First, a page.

“I don’t believe there’s any magic or anything secret to what we do,” he said. “If anyone wants to come, any college or high schools, come in, and I’ll tell them everything we’re doing. I don’t think what we’re doing is any different than what anyone else is doing. There is a lot of great offense out there, and a lot of great plays out there. You just can’t be great at all of them. That’s what I think Leach does an unbelievable job of: ‘We’re just going to be great at these plays, and that’s it.’”

The other thing Harrell says he took from Leach, who hired Harrell to coach outside wide receivers at Washington State during 2014-15: make fun a priority.

USC quarterbacks under Harrell will be given the freedom to fail enough times that they start succeeding without thinking. In that freedom lives the fun, and, when the quarterback harnesses it, there should be a trickle-down effect to the rest of the offense.

“Coach Leach used to tell me this, and I don’t ever tell my quarterbacks this … ‘What I’m giving you is a suggestion. You can call whatever you want,’” Harrell said. “If they see something, and they want to change the play I’ve called, I’m fine with that, just make it work. If it didn’t work, I’ll tell them that’s a dumb idea. If it does work, I’ll say great idea.”

Harrell chuckled to himself, showing off an easy sense of humor. A small-town kid from Ennis, Texas, he carried himself like a guy who believed he belonged at a big-time place such as USC. But he didn’t angle for it.

Well into January, Harrell assumed he would be at North Texas for a fourth season as offensive coordinator and quarterbacks coach. He had a senior quarterback returning in Mason Fine, and the Dallas-Fort Worth Metroplex is home for him and wife Brittney. He said Monday that he turned down a couple of job offers before Helton called and piqued his interest.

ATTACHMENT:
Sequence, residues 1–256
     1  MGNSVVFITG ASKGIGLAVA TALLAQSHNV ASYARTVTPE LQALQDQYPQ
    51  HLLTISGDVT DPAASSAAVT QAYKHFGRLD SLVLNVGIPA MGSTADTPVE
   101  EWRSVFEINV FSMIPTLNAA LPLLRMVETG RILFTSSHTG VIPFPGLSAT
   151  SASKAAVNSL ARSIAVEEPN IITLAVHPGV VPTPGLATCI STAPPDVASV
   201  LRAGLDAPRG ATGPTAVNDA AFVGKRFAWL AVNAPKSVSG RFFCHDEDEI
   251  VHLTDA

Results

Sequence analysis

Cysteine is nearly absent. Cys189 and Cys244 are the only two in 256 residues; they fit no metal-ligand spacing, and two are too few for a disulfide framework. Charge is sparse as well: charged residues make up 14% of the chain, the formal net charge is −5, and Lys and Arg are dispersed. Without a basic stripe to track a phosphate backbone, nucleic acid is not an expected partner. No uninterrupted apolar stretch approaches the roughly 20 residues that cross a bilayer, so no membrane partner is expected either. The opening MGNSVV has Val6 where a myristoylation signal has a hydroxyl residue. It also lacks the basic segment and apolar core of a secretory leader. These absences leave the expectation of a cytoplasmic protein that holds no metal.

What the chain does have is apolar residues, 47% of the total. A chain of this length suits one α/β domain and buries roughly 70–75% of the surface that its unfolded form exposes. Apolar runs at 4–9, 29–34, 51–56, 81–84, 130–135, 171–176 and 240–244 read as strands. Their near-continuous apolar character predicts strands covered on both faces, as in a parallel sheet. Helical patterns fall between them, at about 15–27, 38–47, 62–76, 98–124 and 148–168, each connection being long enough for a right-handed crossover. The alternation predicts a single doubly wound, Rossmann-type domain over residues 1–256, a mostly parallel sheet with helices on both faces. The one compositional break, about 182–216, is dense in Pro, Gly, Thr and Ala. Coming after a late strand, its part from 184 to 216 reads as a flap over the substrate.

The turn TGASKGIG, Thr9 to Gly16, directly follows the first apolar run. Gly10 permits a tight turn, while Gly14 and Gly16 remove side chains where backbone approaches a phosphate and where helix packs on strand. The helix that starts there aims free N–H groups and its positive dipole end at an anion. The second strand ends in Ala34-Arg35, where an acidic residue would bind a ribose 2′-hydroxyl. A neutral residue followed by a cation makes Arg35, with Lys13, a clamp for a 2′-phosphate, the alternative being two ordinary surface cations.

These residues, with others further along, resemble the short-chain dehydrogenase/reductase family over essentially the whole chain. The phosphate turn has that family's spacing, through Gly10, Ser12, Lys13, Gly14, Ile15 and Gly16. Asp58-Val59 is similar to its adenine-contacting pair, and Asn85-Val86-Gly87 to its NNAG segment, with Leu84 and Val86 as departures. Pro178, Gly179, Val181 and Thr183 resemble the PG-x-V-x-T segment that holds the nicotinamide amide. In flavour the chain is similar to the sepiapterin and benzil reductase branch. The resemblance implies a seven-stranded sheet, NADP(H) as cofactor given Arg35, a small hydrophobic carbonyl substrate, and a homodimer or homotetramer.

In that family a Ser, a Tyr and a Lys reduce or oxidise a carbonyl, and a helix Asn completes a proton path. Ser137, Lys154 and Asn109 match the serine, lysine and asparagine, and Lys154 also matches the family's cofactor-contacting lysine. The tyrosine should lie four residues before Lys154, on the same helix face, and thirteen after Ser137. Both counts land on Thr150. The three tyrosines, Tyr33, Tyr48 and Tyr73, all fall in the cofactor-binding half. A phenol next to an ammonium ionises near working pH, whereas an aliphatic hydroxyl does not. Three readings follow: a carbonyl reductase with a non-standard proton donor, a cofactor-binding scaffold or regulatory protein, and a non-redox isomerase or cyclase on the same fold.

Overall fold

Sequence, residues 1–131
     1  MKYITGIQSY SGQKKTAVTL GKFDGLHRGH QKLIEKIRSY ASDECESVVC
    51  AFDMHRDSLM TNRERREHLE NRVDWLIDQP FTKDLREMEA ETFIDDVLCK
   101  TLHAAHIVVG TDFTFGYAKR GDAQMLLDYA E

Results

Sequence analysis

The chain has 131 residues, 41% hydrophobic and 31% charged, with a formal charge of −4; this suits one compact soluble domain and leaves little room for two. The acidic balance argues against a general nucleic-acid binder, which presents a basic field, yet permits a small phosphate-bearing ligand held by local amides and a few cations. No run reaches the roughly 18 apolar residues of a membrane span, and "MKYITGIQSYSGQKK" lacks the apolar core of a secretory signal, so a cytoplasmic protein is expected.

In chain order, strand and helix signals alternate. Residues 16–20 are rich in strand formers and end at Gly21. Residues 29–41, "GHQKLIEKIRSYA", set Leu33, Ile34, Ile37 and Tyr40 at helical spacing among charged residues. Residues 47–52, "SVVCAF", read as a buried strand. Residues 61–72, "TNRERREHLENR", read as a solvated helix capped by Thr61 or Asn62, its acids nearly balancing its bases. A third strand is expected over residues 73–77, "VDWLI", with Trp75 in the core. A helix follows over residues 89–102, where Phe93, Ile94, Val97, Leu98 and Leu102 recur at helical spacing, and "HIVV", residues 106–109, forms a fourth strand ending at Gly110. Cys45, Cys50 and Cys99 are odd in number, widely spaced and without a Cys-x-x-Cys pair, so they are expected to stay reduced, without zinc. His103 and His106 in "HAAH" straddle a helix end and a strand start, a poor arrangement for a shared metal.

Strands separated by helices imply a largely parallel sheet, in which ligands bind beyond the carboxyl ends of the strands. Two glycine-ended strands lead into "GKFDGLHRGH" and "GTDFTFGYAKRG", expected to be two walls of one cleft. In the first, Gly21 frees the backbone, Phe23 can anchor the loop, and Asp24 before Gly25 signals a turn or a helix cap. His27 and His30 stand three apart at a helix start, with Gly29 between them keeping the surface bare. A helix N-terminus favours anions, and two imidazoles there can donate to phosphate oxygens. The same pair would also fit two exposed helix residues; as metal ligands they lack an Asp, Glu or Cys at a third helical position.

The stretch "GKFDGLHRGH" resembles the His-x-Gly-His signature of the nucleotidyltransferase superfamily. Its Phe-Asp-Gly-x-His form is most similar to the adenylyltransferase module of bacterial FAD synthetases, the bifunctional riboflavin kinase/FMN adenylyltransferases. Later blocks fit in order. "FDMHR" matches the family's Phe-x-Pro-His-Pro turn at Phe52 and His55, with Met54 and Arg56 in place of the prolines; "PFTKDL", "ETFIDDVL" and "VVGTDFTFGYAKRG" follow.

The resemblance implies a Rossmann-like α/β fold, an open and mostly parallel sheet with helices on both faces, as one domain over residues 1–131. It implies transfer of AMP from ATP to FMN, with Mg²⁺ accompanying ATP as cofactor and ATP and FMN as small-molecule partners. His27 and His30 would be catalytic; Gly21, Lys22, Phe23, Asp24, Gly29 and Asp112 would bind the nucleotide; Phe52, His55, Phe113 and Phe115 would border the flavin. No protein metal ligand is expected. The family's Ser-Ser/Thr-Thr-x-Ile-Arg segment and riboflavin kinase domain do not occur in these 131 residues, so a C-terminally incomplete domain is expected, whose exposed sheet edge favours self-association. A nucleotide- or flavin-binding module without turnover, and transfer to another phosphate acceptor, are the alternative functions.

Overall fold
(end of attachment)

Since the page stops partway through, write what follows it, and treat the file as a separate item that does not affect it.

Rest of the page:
The day after their first talk, Harrell asked a North Texas staffer to pull up some film of USC’s offense. He saw the Trojans wide receivers and got excited. Harrell could not deny the talent he saw in quarterback JT Daniels, although he said the quarterback position and every other will have an open competition when spring practice begins March 5.

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Harrell was asked about the perceived pressure to win right away due to Helton’s job security after a 5-7 season. He seemed to think that type of thing was precisely why he uprooted his young family to Los Angeles.

“I don’t ever worry too much about pressure,” Harrell said. “The great thing about SC, I don’t really think it matters if you win a Rose Bowl or you go 5-7, the next year it’s always pressure because they want you to win again. A lot of jobs throughout the country, you can be average and everyone is happy with you.

“You don’t get into this profession to be average. You get into this profession to win championships, and realistically there aren’t many schools in the country where you can win a national championship. … If you ever get to one of those schools, you better jump on it. You may never get it again. That’s why I’m here.”

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brady.mccollough@latimes.com

Twitter: @BradyMcCollough